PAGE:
• Ill-defined processes are not scalable. When processes are not well-thought-out at their inception, they often result in manual processes with unnecessary steps. These additional steps slow down reporting and, therefore, slow the business’ ability to react to changes and new information. In this case, accounting becomes a bottleneck. Setting up and continuing to streamline processes can improve monthly close, reporting time, and accuracy.
    • Manual processes leave room for human error. These errors can result in inaccurate reporting, incorrect invoicing, or mishandling of vendor payments. For example, this could show up in the form of revenue leakage-unsent or incorrect customer invoicing and unclear payment terms, or unmonitored profitability. It can also take the form of vendor bills getting paid at a time when they shouldn’t be, or possibly paid multiple times. The time required to correct these inaccuracies can be a considerable investment, and often doesn’t address the root cause of the underlying problem(s).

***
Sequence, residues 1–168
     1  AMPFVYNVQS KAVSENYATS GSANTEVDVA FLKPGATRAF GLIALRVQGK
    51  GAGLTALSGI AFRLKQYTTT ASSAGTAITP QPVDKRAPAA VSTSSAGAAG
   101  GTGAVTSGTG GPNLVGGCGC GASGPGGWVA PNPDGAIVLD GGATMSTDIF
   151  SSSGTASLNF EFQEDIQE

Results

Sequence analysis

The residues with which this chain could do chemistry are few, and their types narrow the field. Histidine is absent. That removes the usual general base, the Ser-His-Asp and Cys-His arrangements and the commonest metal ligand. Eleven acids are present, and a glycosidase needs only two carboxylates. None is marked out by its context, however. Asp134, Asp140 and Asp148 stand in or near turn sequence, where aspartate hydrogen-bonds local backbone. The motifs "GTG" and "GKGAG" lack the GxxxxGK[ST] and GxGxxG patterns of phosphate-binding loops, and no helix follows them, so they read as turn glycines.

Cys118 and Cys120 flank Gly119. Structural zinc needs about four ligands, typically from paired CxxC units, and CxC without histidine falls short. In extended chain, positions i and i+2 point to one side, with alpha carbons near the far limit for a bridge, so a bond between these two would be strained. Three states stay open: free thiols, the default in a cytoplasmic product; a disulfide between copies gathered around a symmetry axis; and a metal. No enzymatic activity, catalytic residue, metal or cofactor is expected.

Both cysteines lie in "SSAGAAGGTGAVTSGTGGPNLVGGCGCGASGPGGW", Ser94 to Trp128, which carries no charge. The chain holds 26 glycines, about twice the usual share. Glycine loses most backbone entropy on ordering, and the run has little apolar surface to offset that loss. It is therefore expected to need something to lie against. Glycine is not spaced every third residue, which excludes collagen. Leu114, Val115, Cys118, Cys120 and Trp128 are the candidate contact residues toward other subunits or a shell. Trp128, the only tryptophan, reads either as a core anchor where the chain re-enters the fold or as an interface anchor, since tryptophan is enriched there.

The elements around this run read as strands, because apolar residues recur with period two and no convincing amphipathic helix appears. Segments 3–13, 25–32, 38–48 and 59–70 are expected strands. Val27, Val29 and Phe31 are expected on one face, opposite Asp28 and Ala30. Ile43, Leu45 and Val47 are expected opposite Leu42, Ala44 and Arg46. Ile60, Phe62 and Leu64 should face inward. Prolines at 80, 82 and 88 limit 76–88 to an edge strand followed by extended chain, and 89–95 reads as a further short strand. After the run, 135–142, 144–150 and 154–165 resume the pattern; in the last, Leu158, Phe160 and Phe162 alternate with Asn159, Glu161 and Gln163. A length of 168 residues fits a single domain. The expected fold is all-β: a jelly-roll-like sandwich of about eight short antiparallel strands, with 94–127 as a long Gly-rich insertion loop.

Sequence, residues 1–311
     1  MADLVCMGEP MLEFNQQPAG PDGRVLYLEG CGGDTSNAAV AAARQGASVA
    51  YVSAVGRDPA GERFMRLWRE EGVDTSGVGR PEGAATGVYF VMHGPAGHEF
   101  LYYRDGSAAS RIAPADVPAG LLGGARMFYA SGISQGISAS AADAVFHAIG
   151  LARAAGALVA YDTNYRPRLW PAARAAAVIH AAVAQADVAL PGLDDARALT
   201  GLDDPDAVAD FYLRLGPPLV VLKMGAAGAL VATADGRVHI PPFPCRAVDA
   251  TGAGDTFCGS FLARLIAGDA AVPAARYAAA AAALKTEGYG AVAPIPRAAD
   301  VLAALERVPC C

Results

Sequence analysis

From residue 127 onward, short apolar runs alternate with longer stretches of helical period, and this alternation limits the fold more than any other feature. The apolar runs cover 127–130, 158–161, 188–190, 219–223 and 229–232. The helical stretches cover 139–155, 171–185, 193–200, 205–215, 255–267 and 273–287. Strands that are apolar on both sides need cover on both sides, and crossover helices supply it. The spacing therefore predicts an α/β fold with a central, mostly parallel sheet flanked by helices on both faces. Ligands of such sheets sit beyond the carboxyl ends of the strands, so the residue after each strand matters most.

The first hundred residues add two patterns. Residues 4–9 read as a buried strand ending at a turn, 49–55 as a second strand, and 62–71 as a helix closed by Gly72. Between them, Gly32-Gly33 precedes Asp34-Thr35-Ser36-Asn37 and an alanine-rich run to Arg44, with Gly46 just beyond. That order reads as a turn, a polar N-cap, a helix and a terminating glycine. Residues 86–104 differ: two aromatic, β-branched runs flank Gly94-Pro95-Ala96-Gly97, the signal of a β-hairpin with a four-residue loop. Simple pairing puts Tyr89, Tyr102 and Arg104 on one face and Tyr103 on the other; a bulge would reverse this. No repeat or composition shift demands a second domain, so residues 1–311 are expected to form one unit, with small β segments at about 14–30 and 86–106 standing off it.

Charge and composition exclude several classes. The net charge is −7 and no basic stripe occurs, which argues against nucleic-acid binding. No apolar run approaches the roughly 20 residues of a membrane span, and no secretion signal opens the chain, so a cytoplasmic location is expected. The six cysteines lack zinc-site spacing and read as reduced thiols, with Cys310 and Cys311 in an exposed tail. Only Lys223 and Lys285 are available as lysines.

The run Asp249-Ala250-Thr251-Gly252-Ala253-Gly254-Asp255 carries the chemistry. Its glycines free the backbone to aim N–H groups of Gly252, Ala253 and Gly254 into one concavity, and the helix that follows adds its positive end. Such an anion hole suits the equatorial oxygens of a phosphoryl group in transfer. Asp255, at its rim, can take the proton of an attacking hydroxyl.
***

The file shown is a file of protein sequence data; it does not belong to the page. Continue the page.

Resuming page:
Physical controls and separation of duties can help with these various challenges, but can often slow down processes. So, this is where the next step comes into action.

  2. TECHNOLOGY

    During and after a review of processes, it is crucial to assess the technology stack and how users will leverage it. Does your company need a new ERP, or does the current one need to be optimized for configuration or use? Information that gets gathered during a review of processes can help to select and optimize a set of technology solutions. An important factor during this process is having a dedicated implementation expert or external partner to project manage and help you get the most out of the technology, based on specific business processes.

    Here are some other things to consider: